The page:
Whom Akorda and the Library Should Fear

On February 16, 2021, the National Statistics Bureau of the Agency for Strategic Planning and Reforms, published a monthly press-release showing that the Kazakh economy had rather successfully lived through the blows that shaken up the developed countries.

According to the press-release, the 2020 short-term economic indicator constituted 94.2%. In other words, the decline is clear albeit non-critical. The January 2021 indicators also pose no cause for concern. Even though the volume of capital investments had declined against last year’s figures by 17.5%, the mining industry production had shrunk by 10.2% and the passenger operations had dropped by 75.3%, the rest of the main economic sectors had shown a growth.

Even the decline of the 2020 foreign trade value against the 2019 results by 13% is easily mendable if the oil prices are kept at the current (plus-minus) level and the OPEC restrictions are lifted or seriously weakened. If this happens, the export volume will be restored.

The only thing that, as we at KZ.expert believe, should cause concern in Akorda and the Library is the citizens’ real income. According to the official data, in December 2020, it dropped by 3% against the December 2019 figures.  

On one hand, it is a relatively small decline; on the other, there is no guarantee that the National Statistics Bureau is telling the truth. The thing is that the Kazakh statisticians make their calculations by using the “hospital’s average temperature” method. According to our subjective view (the view that, unfortunately, is not based on social research), the people’s real income had dropped much more drastically than by 3%.

Moreover, since the country’s social inequality continues to grow while the COVID-19 pandemic and its consequences have accelerated the process, there can be no doubt that the number of the poor in Kazakhstan surpasses the official estimations. And Akorda is very likely to start working our new mechanisms and tools for supporting those not being able to buy not just cloths but food.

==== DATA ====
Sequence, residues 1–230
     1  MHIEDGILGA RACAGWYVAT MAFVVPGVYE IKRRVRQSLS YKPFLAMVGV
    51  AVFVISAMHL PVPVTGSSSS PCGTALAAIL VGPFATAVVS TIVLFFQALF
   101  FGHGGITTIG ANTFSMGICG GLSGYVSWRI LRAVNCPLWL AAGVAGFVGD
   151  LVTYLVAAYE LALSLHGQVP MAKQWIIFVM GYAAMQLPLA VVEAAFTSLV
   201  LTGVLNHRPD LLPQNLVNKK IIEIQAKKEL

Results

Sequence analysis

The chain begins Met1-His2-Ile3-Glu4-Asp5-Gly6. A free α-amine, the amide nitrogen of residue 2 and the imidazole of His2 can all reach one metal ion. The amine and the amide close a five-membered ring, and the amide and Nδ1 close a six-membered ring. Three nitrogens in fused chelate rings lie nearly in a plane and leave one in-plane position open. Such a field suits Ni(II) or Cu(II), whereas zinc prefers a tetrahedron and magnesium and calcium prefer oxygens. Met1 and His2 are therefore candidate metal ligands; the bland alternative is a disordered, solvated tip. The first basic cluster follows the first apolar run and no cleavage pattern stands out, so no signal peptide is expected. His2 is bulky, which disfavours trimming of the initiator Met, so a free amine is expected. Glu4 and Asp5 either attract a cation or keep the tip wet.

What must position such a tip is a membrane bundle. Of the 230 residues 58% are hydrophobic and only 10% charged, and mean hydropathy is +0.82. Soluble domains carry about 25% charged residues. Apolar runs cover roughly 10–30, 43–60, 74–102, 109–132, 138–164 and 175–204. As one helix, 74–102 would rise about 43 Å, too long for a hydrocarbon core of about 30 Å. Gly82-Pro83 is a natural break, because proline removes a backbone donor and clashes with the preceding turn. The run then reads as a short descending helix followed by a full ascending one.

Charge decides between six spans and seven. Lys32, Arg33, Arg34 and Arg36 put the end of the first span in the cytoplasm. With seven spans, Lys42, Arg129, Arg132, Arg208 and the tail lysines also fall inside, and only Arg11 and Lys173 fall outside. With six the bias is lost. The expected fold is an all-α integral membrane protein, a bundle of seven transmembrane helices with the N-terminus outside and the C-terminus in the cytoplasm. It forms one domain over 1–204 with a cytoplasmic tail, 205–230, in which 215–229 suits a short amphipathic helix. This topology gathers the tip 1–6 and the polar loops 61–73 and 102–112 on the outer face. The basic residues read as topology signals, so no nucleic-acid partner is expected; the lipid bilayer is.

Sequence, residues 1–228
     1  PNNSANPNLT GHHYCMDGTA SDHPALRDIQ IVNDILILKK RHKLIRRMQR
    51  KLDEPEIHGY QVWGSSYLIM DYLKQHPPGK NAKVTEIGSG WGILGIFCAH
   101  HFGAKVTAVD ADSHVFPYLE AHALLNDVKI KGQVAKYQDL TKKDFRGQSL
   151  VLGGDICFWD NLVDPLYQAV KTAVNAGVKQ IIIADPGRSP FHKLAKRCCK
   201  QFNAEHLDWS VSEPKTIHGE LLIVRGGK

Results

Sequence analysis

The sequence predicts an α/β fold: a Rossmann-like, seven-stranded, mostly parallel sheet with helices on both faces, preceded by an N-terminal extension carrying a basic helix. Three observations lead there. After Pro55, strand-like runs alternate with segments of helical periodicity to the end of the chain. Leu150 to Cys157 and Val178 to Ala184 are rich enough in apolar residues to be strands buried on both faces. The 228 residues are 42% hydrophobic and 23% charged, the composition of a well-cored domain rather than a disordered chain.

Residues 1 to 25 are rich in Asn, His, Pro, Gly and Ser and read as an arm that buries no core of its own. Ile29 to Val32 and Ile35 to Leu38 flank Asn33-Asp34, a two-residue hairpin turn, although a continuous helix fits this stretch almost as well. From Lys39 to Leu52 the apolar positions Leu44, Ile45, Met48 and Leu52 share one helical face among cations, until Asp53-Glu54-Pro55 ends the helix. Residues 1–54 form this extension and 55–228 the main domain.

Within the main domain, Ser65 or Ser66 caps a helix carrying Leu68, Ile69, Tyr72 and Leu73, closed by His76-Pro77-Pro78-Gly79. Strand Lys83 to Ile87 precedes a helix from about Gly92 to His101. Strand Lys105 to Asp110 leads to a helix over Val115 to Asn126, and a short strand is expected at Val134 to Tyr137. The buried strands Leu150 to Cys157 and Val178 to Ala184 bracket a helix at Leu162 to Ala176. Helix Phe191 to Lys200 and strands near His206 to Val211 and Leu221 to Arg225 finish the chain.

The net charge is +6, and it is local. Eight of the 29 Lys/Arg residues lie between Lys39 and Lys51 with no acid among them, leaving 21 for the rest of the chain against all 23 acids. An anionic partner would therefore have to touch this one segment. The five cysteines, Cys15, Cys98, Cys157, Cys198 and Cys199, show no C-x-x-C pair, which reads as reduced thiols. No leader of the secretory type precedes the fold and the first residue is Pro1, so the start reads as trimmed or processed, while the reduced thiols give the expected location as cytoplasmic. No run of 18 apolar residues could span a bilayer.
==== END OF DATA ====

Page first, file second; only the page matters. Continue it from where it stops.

Especially since it is the retail prices for groceries that are growing the fastest. For instance, the January 2021 consumer price index constituted 100.6% against December 2020 while the prices of food products had grown by 1.1%. This means that the number of citizens with a declining level of life is growing on a day-to-day basis. Therefore, the number of those who have nothing to lose is rising as well.

It is these church mice and not the few civil activists that, in our opinion, pose the gravest danger for the Kazakh authoritarian system and the “super-presidential” vertical. For not only must they cling to any opportunity to survive here and now, but they exist stably in their unstable state.

And since a significant part of these people exist in the grey zone unseeable or poorly seeable to the authorities, the state can do nothing about them except perhaps try and temporarily manage the situation by working out new social support programs.

Therefore, we are certain that the Kazakh authorities are doomed to increase the state expenses on all kinds of social projects even when the economic problems that have caused the decline of the level of life end. In other words, willingly or not, the sovereign and independent Republic of Kazakhstan, has already embarked upon the path that led to the political, economic and social downfall of the Soviet Union.

To confirm our idea, we will recall the the way the Kazakh state acted after the tragedies in Zhanaozen (2011) and in the Korday district (2020). In both case, the state had made (is making) large investments in the affected residential areas, tried to increase the number of jobs and reduce unemployment, is forcing or convincing entrepreneurs to open new industries and retain a relatively high compensation rate.  

Since, in each of these cases, we are talking about a large number of people and this number is still, by one or two orders, smaller than the number of those whose level of life decreased in 2020 and continues doing so now, Akorda and the Library will soon encounter new challenges. Even if they do manage to retain stability by using the repressive means, they will have to spend money not only to placate and silence but to feed the citizens. Even if it’s only for a time.

In our opinion, the Kazakh authorities may not realise it but they can sense it. For this reason, they are trying, to the best of their abilities, to support small and medium-size businesses, promise to support the poor and the needy. But even if small businesses do receive a substantial support (which we doubt), it will take them quite a lot of time to recover. This, in its turn, means that a lot more time will be needed for the stabilisation of the level and the quality of life than for the general economic recovery.

But do Akorda and the Kazakh ruling elite have this time?

Only Jesus Christ was able to feed the 5 thousand. Or so the story runs.


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